‘Eleanor, I’ve worked with several clients over the years who’ve had similar worries to yours. It’s normal to feel that way. Remember, though – we’ve just been discussing how different you are from your mother, the different choices you’ve made …’

‘But Mummy’s still in my life, even after all this time. That worries me. She’s a bad influence, a very bad influence.’

Maria looked up from the book where she was taking notes. ‘You’re still talking to her, then?’ she said, her pen poised.

‘Yes,’ I said. I clasped my hands and took a deep breath. ‘But I’ve been thinking that it needs to come to an end. I’m going to stop. It has to stop.’

She looked as serious as I’d ever seen her.

‘It’s not my role to tell you what to do, Eleanor. I will say this, though – I think that’s a very good idea. But, ultimately, it’s your decision. It’s always been your decision,’ she said, excessively calm and ever so slightly aloof. It was as though she was trying just a bit too hard to be neutral, I thought. I wondered why.

‘The thing is, even after everything that she’s done, after all of it, she’s still my mummy. She’s the only one I’ve got. And good girls love their mothers. After the fire, I was always so lonely. Any mummy was better than no mummy …’

As I paused, in tears, I saw that Dr Temple was completely sympathetic, that she understood what I was saying and was listening without judgement.

‘Lately,’ I said, starting to feel a bit stronger, a bit braver, buoyed by her kind eyes and supportive silence, ‘lately, though, I’ve come to realize that she’s … she’s just badShe’s the bad one. I’m not bad and it’s not my fault. I didn’t make her bad, and I’m not bad for wanting nothing to do with her, for feeling sad and angry – no, furious – about what she did.’

The next bit was hard, and I looked at my clasped hands as I spoke, scared to see any change in Dr Temple’s demeanour in response to the words coming out of my mouth.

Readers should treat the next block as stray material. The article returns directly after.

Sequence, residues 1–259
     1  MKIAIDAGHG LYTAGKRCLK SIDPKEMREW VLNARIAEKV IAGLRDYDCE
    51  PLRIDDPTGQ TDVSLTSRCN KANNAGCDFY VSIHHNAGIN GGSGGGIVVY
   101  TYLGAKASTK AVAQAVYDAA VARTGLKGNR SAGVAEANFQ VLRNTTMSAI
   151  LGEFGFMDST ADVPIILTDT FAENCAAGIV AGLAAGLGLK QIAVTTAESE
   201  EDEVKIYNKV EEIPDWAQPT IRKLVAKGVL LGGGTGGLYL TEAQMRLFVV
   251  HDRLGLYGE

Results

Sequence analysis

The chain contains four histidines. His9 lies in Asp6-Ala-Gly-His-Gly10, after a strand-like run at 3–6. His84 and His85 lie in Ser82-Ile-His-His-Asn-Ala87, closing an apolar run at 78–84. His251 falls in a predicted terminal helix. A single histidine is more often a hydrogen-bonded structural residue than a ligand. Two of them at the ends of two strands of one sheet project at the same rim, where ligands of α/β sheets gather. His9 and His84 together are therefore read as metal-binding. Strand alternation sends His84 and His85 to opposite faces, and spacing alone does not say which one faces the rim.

‘I knew that something about her was very, very wrong. I’ve always known, as long as I can remember. But I didn’t tell anyone. And people died …’

I dared to look up, and felt my body slump with relief when I saw the expression on Maria’s face, unchanged.

‘Who died, Eleanor?’ she said quietly. I took a deep breath. ‘Marianne,’ I said. ‘Marianne died.’ I looked at my hands, then back at

Maria. ‘Mummy set a fire. She wanted to kill us both, except, somehow, Marianne died and I didn’t.’

Maria nodded. She didn’t look surprised. Had she already worked it out? She seemed to be waiting for me to say something else, but I didn’t. We sat in silence for a moment.

‘It’s the guilt, though,’ I said, whispering. It was very hard to speak, physically hard, trying to force out sound. ‘I was her big sister, I should have been looking out for her. She was so small. I did try, I really did, but it just … it wasn’t enough. I failed her, Maria, I’m still here and that’s all wrong. It should be her who survived. I don’t deserve to be happy, I don’t deserve to have a nice life when Marianne …’

‘Eleanor,’ she said gently, once I’d calmed myself, ‘feeling guilty about surviving when Marianne didn’t is a perfectly normal reaction. Don’t forget, you were only a child yourself when your mother committed her crime. It’s very important that you understand that it’s not your fault, that none of it was your fault.’

I was sobbing again.

‘You were the child and she was the adult. It was her responsibility to look after you and your sister. Instead, there was neglect and violence and emotional abuse, and there were terrible, terrible consequences for everyone involved. And none of that is your fault, Eleanor, absolutely none of it. I don’t know if you need to forgive your mother, Eleanor,’ she said. ‘But I’m certain of one thing: you need to forgive yourself.’

I nodded through the tears. It made sense. I wasn’t sure that I quite believed it – yet – but it certainly made logical sense. And you can’t ask for more than that.

Blowing my nose, unembarrassed by the trumpeting, which was as nothing compared to the horrors I’d already laid before Dr Temple in this room, I made my decision. It was time to say a final goodbye to Mummy.